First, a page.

Kari was discovered on March 6, 2006 by Scott S. Sheppard, David C. Jewitt and Jan T. Kleyna, based on data obtained with the Subaru 8.3-m reflector telescope on Mauna Kea, Hawaii, during the months of January to April, 2006.
Kari has a mean radius of 1.9 miles (3 kilometers), assuming an albedo (a measure of how reflective the surface is) of 0.04. It orbits Saturn at an inclination of about 156 degrees and an eccentricity of about 0.5. At a mean distance of 13.7 million miles (22.1 million kilometers) from Saturn, the moon takes about 1,231 Earth days to complete one orbit. Its rotation period is 7 hours and 42 minutes.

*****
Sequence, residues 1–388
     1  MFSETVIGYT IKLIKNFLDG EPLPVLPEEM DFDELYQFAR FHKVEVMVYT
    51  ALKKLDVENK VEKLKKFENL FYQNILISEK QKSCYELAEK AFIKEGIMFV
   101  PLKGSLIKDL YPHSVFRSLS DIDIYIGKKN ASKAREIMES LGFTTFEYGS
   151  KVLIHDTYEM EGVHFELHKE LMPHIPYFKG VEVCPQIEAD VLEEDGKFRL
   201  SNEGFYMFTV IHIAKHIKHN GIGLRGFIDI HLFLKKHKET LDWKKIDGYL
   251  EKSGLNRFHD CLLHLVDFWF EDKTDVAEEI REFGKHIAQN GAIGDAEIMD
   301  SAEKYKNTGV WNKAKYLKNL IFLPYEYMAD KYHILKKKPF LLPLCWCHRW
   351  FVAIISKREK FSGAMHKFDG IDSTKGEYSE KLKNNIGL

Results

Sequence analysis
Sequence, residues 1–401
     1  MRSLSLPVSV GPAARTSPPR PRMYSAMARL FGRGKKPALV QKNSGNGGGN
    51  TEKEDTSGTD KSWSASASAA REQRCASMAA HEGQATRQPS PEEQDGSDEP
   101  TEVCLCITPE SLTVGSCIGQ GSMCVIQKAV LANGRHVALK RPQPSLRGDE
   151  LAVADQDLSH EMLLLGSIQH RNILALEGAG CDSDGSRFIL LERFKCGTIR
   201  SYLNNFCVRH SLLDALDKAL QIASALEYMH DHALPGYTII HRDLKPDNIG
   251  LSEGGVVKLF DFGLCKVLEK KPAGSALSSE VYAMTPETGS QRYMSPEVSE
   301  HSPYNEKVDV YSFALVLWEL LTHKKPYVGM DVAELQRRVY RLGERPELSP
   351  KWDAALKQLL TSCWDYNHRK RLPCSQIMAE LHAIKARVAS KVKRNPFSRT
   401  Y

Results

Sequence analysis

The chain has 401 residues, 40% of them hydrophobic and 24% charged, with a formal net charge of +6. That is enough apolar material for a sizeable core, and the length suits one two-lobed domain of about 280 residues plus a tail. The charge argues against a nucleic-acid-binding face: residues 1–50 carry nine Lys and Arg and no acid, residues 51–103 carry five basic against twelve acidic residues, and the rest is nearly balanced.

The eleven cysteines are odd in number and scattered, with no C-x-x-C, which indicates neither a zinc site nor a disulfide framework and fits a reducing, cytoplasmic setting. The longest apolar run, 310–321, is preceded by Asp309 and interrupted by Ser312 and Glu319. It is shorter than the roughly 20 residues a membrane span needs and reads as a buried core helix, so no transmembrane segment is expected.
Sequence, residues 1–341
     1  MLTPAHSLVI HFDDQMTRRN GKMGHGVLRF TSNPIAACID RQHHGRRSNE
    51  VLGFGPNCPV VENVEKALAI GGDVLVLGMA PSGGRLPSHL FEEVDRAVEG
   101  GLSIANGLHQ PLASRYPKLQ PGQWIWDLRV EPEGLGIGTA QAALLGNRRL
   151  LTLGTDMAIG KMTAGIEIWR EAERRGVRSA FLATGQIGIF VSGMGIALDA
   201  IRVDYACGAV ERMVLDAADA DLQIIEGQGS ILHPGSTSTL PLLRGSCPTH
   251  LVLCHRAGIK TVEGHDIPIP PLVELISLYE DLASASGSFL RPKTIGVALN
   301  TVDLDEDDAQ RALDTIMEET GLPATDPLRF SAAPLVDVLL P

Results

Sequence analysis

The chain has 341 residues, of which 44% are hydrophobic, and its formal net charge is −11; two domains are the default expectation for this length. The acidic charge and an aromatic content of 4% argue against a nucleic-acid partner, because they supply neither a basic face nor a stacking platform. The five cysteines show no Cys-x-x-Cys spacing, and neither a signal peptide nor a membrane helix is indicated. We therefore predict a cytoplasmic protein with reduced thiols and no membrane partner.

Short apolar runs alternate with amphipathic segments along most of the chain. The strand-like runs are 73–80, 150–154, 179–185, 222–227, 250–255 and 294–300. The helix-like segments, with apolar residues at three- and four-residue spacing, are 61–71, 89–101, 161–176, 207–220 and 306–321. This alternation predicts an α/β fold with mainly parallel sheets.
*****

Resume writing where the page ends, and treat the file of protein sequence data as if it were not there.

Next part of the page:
Kari is a member of the Norse group of moons. These "irregular" moons have retrograde orbits around Saturn -- traveling around in the opposite direction from the planet's rotation. Kari and the other Norse moons also have eccentric orbits, meaning they are more elongated than circular.
Like Saturn's other irregular moons, Kari is thought to be an object that was captured by Saturn's gravity, rather than having accreted from the dusty disk that surrounded the newly formed planet as the regular moons are thought to have done. Kari appears to be a member of a subgroup that also includes Skathi, Skoll, Hyrrokkin, S/2006 S1, Farbauti, Bergelmir, and S/2006 S3.
How Kari Got its Name
Originally called S/2006 S2, Kari was named for a wind giant in Norse mythology